IOC, diplomats confident of safe Winter Games

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With the Beijing 2022 Winter Olympics just around the corner, the International Olympic Committee and diplomats from major winter sports nations have reaffirmed confidence in witnessing successful and safe Games despite the COVID-19 pandemic.

Just over two months out from the opening of the Beijing 2022 Games on Feb 4, global anticipation for the winter sports showpiece is surging, evidenced by heated discussions among 120 ambassadors, officials and national Olympic committee representatives from over 70 countries during the Games' second diplomatic briefing held at western Beijing's Shougang Industrial Park.

During the two-hour meeting, Beijing 2022 organizers delivered reports on the latest of the capital's preparatory work, together with co-host city Zhangjiakou, Hebei province, for next year's Games in a wide range of topics, including venue readiness, competition operation, COVID-19 protocols and legacy.

Officials from the Ministry of Foreign Affairs also elaborated on the international dignitary program covering arrival and departure, accommodation, transport and security for visiting state leaders and sports ministers during the Games.

Beijing 2022 remains open to suggestions from all stakeholders and is committed to working closely with the international community to overcome the pandemic challenges to host streamlined, safe and splendid Games, said Zhang Jiandong, executive vice-president of the Beijing 2022 organizing committee.

"Our preparation has entered the final sprint and we'd like to strengthen cooperation with all relevant international organizations and especially foreign embassies to make sure that all work will be completed on schedule and services for international dignitaries will be provided to high standards," Zhang, also a vice-mayor of Beijing, said during the briefing.

Having completed all 12 competition venues, Beijing 2022 organizers are now busy running a series of international test events to evaluate venues and facilities, media operation, COVID-19 protocols and services.

These tests were held under closed-loop management, where athletes, coaches and technical delegates are required to stay within a biosecure bubble with their movement confined to between their hotels and training and competition venues away from the local communities.

Based on feedback from the rehearsals and suggestions from health experts, Beijing 2022 will release next month the second version of its COVID-19 playbook, a broad guideline for all Games participants, which is expected to detail all the measures and principles outlined in the first edition issued in September.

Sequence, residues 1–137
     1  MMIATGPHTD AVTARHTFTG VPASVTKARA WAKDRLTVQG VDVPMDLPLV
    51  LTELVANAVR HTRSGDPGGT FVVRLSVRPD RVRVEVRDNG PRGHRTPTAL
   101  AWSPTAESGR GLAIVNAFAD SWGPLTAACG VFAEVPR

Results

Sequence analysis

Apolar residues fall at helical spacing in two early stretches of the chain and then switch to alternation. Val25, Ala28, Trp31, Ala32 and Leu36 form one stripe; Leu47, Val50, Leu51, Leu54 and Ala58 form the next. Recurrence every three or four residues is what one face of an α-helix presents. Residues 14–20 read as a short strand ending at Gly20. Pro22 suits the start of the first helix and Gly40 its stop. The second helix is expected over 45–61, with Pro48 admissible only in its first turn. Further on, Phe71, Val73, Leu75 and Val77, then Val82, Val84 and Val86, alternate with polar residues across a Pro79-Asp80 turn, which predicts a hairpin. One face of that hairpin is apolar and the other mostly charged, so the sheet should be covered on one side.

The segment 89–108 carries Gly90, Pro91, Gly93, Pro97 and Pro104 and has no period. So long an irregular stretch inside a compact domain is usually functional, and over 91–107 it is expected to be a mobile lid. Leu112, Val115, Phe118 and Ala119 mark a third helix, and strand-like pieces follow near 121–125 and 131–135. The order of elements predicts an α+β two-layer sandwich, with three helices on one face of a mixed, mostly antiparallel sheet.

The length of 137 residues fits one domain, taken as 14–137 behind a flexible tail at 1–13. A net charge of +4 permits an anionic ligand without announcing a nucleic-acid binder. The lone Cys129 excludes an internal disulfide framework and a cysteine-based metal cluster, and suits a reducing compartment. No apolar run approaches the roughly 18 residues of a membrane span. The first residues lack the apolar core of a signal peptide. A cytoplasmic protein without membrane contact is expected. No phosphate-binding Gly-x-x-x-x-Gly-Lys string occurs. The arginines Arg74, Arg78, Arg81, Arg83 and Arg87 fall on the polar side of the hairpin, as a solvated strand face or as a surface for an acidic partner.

Juan Antonio Samaranch, chairman of the IOC's Beijing 2022 Coordination Commission, gave a thumbs-up to Beijing's diligent preparation and vigilant COVID-19 countermeasures for the Games.

"It's a very long and complicated journey, not only for the intrinsic difficulties of organizing Winter Games, but also having to organize that in a COVID-ridden environment," he said.

"But I'm very proud to inform you that we are fully confident to deliver extraordinary Games in February.

"But in order to be excellent, first of all, they have to be safe. We are very confident in the health secure measures taken by our hosts in Beijing with the expert support from the World Health Organization that the Games will be safe."

Having witnessed Beijing 2022's smooth progress despite the pandemic, foreign diplomats based in China have set their expectations high on enjoying their own athletes' stellar performances at the Games in a safe and well-organized way.

"I have had the chance to visit some of the venues and I've had a look at all the work that's been going on to prepare the venues. I'm quite confident that China will be ready and well-prepared when the Games start in February," said Signe Brudeset, Norwegian ambassador to China, who herself had tried the ski slopes at the Olympic venue in Beijing's Yanqing district.

Citing the ongoing cooperation between her country and China in winter sports development, Finnish ambassador to China Leena-Kaisa Mikkola expects Beijing 2022 to open up more opportunities for exchange.

"We see the continuation rather bright and it's not only the Olympics where we can have common endeavors, but also after that," she said.

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